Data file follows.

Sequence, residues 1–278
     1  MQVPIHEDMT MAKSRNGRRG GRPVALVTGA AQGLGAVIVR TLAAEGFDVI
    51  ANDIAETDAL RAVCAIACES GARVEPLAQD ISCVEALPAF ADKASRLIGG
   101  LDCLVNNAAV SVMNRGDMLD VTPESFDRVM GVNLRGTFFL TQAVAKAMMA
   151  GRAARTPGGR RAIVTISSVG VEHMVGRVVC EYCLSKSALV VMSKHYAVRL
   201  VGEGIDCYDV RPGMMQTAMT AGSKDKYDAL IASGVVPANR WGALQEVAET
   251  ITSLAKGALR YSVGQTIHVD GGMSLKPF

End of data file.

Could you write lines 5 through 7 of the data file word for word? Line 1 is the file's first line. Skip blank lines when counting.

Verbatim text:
   151  GRAARTPGGR RAIVTISSVG VEHMVGRVVC EYCLSKSALV VMSKHYAVRL
   201  VGEGIDCYDV RPGMMQTAMT AGSKDKYDAL IASGVVPANR WGALQEVAET
   251  ITSLAKGALR YSVGQTIHVD GGMSLKPF